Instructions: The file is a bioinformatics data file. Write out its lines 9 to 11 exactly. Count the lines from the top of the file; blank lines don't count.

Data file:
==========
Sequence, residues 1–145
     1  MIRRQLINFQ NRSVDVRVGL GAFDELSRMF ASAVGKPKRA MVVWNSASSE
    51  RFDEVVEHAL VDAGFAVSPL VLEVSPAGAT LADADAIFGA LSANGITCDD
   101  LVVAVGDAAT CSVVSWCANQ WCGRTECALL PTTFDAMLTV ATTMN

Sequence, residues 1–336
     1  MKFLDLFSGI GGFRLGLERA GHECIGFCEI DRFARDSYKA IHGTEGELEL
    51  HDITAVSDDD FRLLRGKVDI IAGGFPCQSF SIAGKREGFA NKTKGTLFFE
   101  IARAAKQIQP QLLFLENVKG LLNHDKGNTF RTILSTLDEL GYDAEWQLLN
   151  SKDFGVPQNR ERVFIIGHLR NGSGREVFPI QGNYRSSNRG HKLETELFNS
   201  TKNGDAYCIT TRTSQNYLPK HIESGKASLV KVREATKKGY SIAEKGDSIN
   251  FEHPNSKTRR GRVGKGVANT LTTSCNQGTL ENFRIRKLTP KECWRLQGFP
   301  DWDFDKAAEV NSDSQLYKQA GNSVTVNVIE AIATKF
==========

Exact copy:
   151  SKDFGVPQNR ERVFIIGHLR NGSGREVFPI QGNYRSSNRG HKLETELFNS
   201  TKNGDAYCIT TRTSQNYLPK HIESGKASLV KVREATKKGY SIAEKGDSIN
   251  FEHPNSKTRR GRVGKGVANT LTTSCNQGTL ENFRIRKLTP KECWRLQGFP